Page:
Although you might never do much typing on your tablet, you'll need to use the on-screen keyboard for emails and web searches.
Typing is much easier on a tablet when it’s held in landscape mode, as the keyboard is wider and has larger keys.
On the iPad, an on-screen keyboard appears at the bottom whenever you press a text entry box, such as a username or password field. It then disappears again when you press Enter, Search or Done. The keyboard can be switched to display numbers and special characters.
The iPad doesn’t have haptic feedback (a tiny vibration when you press a key) but instead plays a click sound. The keyboard can be split in half by literally pulling it apart at the centre, which makes it easier to enter text with just your thumbs, if you hold your tablet at each side.
The third-generation new iPad adds voice recognition, so you can dictating long messages with punctuation rather than typing. It's more accurate than a lot of voice recognition software, but is still prone to the odd mistake.
Android's keyboard is very similar but it takes up slightly more space on the screen than the iPad’s. If you enable voice recognition, it works as well as on the iPad, but the difference is that nearly all Android tablets support it. Some Android devices respond haptically when you press a key, with a small vibration. Some find this helps with accurate typing, as you know exactly when a key has been pressed, but it can be turned off.
The keyboard is one of the few weak areas of the Blackberry PlayBook. The 7-inch screen size means each key occupies less physical space than on the iPad, so you have to be quite accurate when typing.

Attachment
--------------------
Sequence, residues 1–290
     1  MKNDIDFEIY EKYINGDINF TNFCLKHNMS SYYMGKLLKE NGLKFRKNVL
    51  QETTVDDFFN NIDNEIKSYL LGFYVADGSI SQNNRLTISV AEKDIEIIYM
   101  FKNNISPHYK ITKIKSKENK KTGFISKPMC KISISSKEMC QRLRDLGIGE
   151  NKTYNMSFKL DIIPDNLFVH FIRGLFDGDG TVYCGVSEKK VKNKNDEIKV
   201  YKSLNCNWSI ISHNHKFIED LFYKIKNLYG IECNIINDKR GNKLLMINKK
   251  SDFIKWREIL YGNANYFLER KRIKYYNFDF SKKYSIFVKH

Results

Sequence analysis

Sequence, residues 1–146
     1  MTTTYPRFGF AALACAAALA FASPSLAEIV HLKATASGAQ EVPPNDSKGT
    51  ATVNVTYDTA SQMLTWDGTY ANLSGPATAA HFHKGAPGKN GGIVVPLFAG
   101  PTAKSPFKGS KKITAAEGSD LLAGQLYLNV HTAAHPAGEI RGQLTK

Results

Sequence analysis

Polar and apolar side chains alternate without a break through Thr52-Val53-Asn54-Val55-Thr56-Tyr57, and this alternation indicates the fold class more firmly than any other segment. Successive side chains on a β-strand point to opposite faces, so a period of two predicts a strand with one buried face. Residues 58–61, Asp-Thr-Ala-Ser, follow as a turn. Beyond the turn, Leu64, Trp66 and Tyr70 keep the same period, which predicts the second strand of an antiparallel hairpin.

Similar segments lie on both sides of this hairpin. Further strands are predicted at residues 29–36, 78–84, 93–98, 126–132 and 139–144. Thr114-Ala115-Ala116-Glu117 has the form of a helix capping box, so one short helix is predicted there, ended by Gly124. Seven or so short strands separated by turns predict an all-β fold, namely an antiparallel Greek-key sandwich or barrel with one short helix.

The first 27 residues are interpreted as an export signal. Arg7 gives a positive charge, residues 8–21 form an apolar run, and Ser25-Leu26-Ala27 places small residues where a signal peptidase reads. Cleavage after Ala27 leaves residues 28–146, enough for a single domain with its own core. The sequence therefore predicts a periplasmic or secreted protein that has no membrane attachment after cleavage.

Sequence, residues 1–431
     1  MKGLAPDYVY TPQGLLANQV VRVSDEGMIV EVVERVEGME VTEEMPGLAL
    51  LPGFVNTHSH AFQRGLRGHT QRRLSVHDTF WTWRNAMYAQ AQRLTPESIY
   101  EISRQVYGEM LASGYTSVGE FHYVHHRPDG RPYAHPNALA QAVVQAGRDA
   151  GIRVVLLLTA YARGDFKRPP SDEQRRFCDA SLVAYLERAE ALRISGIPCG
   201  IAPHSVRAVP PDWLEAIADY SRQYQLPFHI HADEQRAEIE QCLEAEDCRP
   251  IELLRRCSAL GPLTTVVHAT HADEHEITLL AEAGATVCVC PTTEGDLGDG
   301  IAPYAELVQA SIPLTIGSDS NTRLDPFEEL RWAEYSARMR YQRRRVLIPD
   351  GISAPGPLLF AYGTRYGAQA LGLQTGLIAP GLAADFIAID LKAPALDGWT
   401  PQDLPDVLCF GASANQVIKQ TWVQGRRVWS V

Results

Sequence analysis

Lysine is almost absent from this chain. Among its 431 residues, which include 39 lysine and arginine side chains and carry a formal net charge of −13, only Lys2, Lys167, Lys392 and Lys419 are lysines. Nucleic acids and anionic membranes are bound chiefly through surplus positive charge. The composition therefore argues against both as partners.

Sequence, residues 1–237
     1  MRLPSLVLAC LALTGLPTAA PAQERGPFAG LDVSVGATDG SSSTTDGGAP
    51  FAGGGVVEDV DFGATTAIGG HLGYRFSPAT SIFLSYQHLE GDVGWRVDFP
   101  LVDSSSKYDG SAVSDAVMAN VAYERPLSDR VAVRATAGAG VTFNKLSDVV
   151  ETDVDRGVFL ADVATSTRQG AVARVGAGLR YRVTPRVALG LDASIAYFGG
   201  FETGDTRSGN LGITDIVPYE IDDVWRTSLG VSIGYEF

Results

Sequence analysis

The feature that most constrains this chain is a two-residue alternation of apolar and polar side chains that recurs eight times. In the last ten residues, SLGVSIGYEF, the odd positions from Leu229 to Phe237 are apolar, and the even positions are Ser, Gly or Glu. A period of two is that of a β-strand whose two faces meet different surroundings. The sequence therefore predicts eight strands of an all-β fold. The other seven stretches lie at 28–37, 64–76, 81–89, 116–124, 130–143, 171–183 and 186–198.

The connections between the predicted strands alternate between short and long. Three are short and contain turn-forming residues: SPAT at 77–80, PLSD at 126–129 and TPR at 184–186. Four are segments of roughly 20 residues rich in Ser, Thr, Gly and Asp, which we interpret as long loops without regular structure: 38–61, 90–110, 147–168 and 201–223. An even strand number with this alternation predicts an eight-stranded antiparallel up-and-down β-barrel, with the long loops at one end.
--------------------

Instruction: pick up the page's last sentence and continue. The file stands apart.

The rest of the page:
All three platforms allow you to select, cut, copy, and paste text. On Android, if you press and hold at the start of a block of text, it becomes highlighted. You can then move the markers to select more, or less text if you need, then press the copy, cut, or select all buttons.
It’s similar on iOS. Tapping and holding your finger over a word selects it, and a magnifying glass appears above your finger so you can see what you're selecting. Blue handles appear at the start and end of the block of text and can be adjusted easily.
The PlayBook uses a similar method too, although a subtle difference is the giant size of the text markers, which are easier to move about.
Overall, the iPad - particularly the new third-generation - just edges the competition to be the best for typing. It's great autocorrection, accuracy, responsiveness and reasonably accurate dictation mean you can send messages and type emails virtually as quickly as on a laptop.
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